15th International Karl Polanyi Conference “The Role of the State in the post-COVID 21st Century”
21 April 2021, 9:00 AM - 24 April 2021, 4:00 PM
The 15th International Karl Polanyi Conference April 21-24, 2021 will exceptionally take place entirely online. As we live through a major global upheaval, we wish to engage in a broad and open discussion on the current consequences of the COVID-19 pandemic and how governments around the world, international organizations and social movements are responding to the crisis and what this may mean for the future.
The COVID-19 pandemic requires a reset and retooling of the state. It requires greater coherence between all levels of government and a reconfiguration of roles and responsibilities with the active participation of civil society. It requires greater international cooperation and a concerted action to fight rising nationalism.
Despite the diversity of governments in power, from authoritarian to liberal democracies, the global economic shock triggered by the COVID-19 pandemic has led to active forms of state intervention, both piecemeal and more coordinated. Are we witnessing a “pendulum swing” from minimal state intervention to a publicly led social and economic transformation? As governments in liberal democratic states inject vast sums of money into public health, economic life support and stimulus strategies in response to the pandemic, does this signal the end of decades of savage cuts to public spending? And even if such actions by governments are diverse and fragmented, do they prefigure a deeper transformation toward state re-centralization and a commitment to restore public service provision, or even a different configuration and role of the state altogether? With countries in the global South lacking capacity to invest in health care due to the cost of servicing foreign debt, falling commodity prices and economic chaos, will there be increasing international pressure for debt forgiveness?
Panels for this four-day conference will reflect on the following key questions:
• In liberal democracies, will post-COVID state intervention prioritize an equal, fair and just recovery or will today’s active crisis management quickly fade as governments face unimaginable budgetary deficits and public debt?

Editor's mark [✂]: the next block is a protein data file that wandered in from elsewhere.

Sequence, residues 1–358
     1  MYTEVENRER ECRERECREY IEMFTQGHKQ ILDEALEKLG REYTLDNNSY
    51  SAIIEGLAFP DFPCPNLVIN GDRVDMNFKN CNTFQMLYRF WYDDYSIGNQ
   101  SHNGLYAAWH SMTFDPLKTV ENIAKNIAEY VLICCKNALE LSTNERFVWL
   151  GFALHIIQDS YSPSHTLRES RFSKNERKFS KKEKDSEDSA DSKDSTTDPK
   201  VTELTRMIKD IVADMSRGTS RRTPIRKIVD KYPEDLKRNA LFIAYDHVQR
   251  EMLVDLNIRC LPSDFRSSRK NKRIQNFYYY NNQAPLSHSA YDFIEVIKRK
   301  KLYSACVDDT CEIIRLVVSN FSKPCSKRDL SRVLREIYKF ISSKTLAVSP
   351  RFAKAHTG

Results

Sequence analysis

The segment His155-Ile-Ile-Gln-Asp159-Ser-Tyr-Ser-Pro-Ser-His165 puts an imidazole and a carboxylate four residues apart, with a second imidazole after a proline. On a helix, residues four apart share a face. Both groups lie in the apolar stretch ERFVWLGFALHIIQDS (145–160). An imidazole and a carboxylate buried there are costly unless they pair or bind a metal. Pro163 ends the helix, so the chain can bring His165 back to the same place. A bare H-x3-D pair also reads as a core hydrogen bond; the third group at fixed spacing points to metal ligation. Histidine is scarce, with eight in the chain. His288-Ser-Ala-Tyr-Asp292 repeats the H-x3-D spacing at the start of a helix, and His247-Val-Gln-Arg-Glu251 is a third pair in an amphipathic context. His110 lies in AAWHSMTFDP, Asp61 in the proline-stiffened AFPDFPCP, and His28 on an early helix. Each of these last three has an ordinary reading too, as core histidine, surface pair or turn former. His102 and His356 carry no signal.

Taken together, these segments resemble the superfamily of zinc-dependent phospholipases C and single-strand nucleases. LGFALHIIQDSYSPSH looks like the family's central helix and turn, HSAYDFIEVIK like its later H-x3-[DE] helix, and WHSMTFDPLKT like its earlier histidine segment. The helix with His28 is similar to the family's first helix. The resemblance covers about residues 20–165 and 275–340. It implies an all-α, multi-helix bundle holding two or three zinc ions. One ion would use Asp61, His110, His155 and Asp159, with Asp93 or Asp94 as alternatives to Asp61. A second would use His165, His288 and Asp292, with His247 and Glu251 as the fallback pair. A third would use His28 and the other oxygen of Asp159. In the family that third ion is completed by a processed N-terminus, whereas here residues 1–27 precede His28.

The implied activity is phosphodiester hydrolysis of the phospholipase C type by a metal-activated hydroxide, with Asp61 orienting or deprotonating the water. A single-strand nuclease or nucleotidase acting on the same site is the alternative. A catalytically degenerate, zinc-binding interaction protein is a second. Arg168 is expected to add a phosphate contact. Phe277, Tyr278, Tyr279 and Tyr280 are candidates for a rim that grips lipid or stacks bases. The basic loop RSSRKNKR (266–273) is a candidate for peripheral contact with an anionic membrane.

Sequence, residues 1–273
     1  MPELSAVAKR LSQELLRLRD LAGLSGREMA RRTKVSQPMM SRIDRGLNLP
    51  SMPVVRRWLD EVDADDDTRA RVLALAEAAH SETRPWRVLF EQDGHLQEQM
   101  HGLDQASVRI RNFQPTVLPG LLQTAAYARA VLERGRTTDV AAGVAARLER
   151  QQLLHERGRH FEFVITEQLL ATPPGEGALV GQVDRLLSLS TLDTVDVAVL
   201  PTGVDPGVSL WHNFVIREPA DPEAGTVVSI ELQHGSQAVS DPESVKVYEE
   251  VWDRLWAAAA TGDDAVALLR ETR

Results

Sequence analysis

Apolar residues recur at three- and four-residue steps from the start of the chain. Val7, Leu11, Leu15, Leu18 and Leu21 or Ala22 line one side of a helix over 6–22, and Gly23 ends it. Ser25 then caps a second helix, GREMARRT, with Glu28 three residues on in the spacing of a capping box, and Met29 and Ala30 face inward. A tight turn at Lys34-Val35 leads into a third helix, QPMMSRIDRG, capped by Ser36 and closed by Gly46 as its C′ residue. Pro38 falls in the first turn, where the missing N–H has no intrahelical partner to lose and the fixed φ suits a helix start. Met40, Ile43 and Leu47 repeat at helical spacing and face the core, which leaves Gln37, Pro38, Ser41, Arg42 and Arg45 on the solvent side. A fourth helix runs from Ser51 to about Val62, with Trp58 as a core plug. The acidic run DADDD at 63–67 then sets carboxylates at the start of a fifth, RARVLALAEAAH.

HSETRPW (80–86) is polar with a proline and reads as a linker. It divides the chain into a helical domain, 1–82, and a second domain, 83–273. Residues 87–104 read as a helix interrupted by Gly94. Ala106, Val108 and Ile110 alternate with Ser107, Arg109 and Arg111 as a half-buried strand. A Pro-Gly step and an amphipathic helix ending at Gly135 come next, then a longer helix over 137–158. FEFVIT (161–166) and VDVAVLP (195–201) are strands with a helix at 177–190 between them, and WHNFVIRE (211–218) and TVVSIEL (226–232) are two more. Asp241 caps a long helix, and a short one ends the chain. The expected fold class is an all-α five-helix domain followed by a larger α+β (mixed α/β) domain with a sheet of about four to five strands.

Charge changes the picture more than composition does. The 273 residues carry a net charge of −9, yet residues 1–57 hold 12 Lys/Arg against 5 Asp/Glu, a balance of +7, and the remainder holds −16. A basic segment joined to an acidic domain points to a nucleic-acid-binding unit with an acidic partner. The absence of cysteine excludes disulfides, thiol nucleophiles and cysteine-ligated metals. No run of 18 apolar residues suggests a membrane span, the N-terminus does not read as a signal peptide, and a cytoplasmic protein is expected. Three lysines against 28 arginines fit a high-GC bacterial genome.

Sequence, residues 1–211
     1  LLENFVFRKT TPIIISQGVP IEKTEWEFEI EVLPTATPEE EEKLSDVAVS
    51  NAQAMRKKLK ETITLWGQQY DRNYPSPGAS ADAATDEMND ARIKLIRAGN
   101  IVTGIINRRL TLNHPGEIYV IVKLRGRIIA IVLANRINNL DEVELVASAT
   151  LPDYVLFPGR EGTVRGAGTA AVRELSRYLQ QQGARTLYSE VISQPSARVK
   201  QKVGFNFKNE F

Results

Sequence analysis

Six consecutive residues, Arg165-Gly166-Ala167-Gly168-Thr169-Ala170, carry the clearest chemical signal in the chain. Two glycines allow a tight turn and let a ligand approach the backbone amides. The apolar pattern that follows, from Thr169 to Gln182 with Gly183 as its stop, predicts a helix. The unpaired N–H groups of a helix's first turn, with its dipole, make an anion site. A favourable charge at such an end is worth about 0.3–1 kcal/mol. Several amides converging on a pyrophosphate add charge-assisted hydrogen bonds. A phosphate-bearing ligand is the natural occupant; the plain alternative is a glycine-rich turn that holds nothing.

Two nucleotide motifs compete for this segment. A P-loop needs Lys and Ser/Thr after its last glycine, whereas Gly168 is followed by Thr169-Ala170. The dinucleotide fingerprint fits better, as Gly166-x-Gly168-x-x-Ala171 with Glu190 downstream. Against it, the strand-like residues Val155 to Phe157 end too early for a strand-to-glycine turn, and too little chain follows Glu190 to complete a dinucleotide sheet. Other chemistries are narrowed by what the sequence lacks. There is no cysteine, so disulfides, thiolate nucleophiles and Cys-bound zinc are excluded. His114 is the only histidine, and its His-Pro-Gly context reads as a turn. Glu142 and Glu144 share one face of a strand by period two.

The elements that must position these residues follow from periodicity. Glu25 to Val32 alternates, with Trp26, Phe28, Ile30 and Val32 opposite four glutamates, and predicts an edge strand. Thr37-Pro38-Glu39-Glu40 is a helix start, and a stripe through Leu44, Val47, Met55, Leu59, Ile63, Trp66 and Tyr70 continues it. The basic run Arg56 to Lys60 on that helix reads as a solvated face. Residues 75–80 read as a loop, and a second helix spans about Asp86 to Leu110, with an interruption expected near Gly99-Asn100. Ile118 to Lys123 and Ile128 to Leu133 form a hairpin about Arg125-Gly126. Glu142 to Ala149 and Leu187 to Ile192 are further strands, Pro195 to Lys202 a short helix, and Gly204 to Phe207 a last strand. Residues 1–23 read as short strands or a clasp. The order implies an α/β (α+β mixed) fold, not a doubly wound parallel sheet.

• Will this global pandemic result in greater international cooperation between nations? Has any hope that vaccines would be equitably distributed as a global public good with the pooling of patents been dashed as countries and regions engage in vaccine nationalism and competition?
• Can we envisage a global Green New Deal in response to the warnings of the UN IPCC that the world has ten years to avoid the irreversible impact of climate change? Or will governments return to national agendas as countries struggle to rebuild their economies?
• Within countries, will the increasing role of regional and local governments be considerably diminished by the re-centralization of power taking place in many nations managing the pandemic crisis? Cities and local governments were given greater responsibilities pre-COVID and have demonstrated their capacity to act as catalysts for a just transition. Will the growth of the city as commons movement internationally be threatened by re-centralization of decision-making and a reduced role for civil society and local governments?
• What role will counter-movements play, social movements and communities of mutual support for the common good in co-designing strategies for economic democracy, the decommodification of work and nature? Or will right wing populist movements continue to gain ground as they are in many parts of the world?
• As events unfold, how will states address the pre-COVID realities of climate crisis, deepening racialized and gendered inequality, food insecurity, a migration and refugee crisis that has laid bare the cruelty of humanity?
• Pre-COVID, we were concerned with the impact of the digital economy on all aspects of work and life, the growing number of precarious gig workers, zero hour employment with no access to social protection. The exponential increase in online transactions and digital platforms during the pandemic raises the urgency to address these questions. Is basic income the answer? What is the role of the labour movement? Are platform cooperatives a counter-movement to the privatization of the digital economy? What forms of regulation are required?
• Will the domination of the digital economy and violation of privacy, security and basic labour rights by tech giants be met by coordinated international action?
Please join us and keynote speakers Sheila R. Foster, Robert Kuttner, Ann Pettifor and Quinn Slobodian in addressing the role that existing institutions and civil society are playing and how they may transform in a post-COVID world. The work and influence of Karl Polanyi cut across the many themes to be discussed by over 73 panelists from 22 countries including finacializalization, economic democracy, the rise of neo-fascism, the prospects of post-neoliberal democracy, decommodification of labour, housing and gentrification, automation, block chain technologies, risk governance, social and solidarity economies, the fate of care work, and the global climate emergency in a post-pandemic era.
Speakers will also reflect of the significance of the life, work and thought of Karl Polanyi and Ilona Duczynska. Polanyi’s greatest influence has been on dismantling disciplinary boundaries to help us understand the reality of contemporary society. The COVID-19 pandemic respects no boundaries, geographic or political, nor those that Polanyi argued were artificial, separating economy and society. We will explore the great transformation currently under way that neither Polanyi nor we could ever have imagined.